I recently received this heartwarming note from a reader. She said:
“I cannot express how surprised and grateful I am for your blog on sleep and digestion. Wow! I have a bad habit of going to bed really late and I had been wondering why I get this burst of energy around midnight that enables me to stay up until 2 or 3 am working. Along with that, I would get hungry, which I knew would interfere with my sleep, but I was really hungry! Just recently, I noticed that my bowels weren’t moving daily consistently as they did in the past. It’s like I had (unknowingly) crossed some threshold with how late I could retire and still be regular. Now, I am in the uphill battle of training my body to go to bed earlier. This is really hard, but worth the reward.”
I thought this comment was significant enough to share with you and repeat the blog this reader is referencing. It’s such a simple dynamic that you can embrace without costing you a cent. You are where you are and that may be just fine. But if you are sleeping late and have digestive problems, maybe you can readjust your hours so that they serve you better. Like most of my Wellness Tips from the Future or my Future Health Now! program, it’s up to you to recognize if the information resonates with you.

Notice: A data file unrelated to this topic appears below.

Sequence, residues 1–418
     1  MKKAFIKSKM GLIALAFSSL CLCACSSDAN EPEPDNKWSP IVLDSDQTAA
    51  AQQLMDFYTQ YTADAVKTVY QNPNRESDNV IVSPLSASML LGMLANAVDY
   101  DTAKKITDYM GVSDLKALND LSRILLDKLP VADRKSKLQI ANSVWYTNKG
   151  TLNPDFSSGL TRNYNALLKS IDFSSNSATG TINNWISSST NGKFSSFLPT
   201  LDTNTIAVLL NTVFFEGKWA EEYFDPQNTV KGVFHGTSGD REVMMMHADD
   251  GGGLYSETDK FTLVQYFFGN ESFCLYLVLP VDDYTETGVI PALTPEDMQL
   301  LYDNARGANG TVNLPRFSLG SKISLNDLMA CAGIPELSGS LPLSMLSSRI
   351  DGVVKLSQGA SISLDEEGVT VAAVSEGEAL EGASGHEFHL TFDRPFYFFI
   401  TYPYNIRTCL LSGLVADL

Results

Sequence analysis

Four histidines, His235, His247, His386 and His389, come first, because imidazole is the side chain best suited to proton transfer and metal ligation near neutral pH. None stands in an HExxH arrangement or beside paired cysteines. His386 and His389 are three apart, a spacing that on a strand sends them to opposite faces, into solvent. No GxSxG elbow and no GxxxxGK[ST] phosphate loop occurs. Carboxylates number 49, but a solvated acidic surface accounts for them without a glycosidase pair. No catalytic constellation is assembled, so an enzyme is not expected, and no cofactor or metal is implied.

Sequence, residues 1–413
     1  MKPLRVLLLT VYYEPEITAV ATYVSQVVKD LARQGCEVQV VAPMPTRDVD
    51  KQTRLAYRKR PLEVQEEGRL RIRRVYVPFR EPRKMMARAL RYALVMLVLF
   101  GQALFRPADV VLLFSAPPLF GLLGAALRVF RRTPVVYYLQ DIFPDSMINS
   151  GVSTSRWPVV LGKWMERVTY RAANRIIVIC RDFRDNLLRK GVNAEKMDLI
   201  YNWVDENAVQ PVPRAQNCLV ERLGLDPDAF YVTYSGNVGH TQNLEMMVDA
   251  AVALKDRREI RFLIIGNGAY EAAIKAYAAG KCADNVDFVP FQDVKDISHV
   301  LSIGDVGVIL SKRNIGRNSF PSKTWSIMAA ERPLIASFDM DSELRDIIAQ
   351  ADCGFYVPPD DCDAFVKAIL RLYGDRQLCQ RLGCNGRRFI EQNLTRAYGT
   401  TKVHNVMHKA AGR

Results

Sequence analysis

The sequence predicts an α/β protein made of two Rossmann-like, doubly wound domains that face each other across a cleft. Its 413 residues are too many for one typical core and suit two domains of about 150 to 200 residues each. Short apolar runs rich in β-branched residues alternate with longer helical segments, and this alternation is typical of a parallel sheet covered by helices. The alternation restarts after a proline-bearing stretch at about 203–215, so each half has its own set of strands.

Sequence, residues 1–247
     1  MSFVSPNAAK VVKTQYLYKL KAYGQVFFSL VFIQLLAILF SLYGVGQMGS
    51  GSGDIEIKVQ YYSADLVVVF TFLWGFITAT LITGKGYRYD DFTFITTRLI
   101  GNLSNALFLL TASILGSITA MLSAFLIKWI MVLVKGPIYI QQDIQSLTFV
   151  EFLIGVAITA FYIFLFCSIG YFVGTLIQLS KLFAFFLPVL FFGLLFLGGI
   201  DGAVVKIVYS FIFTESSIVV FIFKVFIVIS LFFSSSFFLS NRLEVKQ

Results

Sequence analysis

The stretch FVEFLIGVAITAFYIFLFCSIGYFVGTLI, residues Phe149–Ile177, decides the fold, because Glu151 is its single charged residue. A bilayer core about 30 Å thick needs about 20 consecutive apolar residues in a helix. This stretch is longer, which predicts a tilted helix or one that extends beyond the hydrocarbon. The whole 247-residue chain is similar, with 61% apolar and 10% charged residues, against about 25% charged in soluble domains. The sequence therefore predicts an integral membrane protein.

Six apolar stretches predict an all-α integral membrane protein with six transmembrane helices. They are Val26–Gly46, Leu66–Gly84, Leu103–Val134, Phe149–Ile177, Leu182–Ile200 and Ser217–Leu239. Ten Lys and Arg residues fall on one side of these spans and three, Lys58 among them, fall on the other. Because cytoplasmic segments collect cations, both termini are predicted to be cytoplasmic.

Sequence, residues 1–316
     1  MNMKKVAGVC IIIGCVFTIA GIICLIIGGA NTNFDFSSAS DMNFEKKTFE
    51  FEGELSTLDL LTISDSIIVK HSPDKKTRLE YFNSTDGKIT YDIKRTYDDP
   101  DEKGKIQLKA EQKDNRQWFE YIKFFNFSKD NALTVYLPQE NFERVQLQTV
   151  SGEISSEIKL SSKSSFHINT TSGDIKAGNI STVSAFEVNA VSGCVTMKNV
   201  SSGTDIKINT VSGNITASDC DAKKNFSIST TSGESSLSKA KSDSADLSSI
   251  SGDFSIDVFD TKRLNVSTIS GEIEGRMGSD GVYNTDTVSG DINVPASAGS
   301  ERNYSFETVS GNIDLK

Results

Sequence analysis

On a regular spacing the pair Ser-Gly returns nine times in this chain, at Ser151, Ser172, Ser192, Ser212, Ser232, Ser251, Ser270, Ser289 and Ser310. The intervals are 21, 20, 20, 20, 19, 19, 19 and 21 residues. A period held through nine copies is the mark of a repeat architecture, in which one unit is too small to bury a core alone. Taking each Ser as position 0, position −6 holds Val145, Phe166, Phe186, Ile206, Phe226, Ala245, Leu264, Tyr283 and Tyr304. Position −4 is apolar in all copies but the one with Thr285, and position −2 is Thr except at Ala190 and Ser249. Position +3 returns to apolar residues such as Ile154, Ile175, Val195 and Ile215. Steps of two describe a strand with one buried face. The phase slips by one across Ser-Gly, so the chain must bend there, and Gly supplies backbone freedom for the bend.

Today I want to emphasize another major factor that can lead to constipation or loose stools: Lack of quality sleep.
Daytime is the time for eating and assimilation. It’s during the night that much of the process of elimination takes place. But if you’re not getting enough deep sleep then your body isn’t able to process your pooh properly.
Before electric lights our ancestors had little reason to be awake at night. Your body assumes a warring tribe across the river is preparing to attack if you’re not sleeping deeply. This state of “fight or flight” diverts energy to your arms and legs and away from your stomach and colon.
As I explain in module 38 of Future Health Now!, getting to sleep before 10pm (11pm Daylight Savings Time) is key to avoiding this fight or flight mode.
Otherwise, after ten, your body will rev itself up. You’ll probably get hungry and eat some cold food from the fridge. Instead of letting your body process it’s pooh… it’ll be forced to assimilate even more food — dividing its energies with double duty night shift. (Don’t think I can’t hear the punsters out there reading double do-do into the previous sentence!)
So if you’re not moving at least two large stools a day (that are the consistency of a ripe banana) try getting to bed earlier and see if it makes a difference. In future pooh posts I’ll talk more about when to have those bowel movements and that sometimes one or two in the morning may be enough.
Carolyn Dean MD ND
The Doctor of the Future®
RESOURCES: Along the borders and in the links of my web site you can find my books, writings, and my call-in radio show. Email your questions to: email@example.com.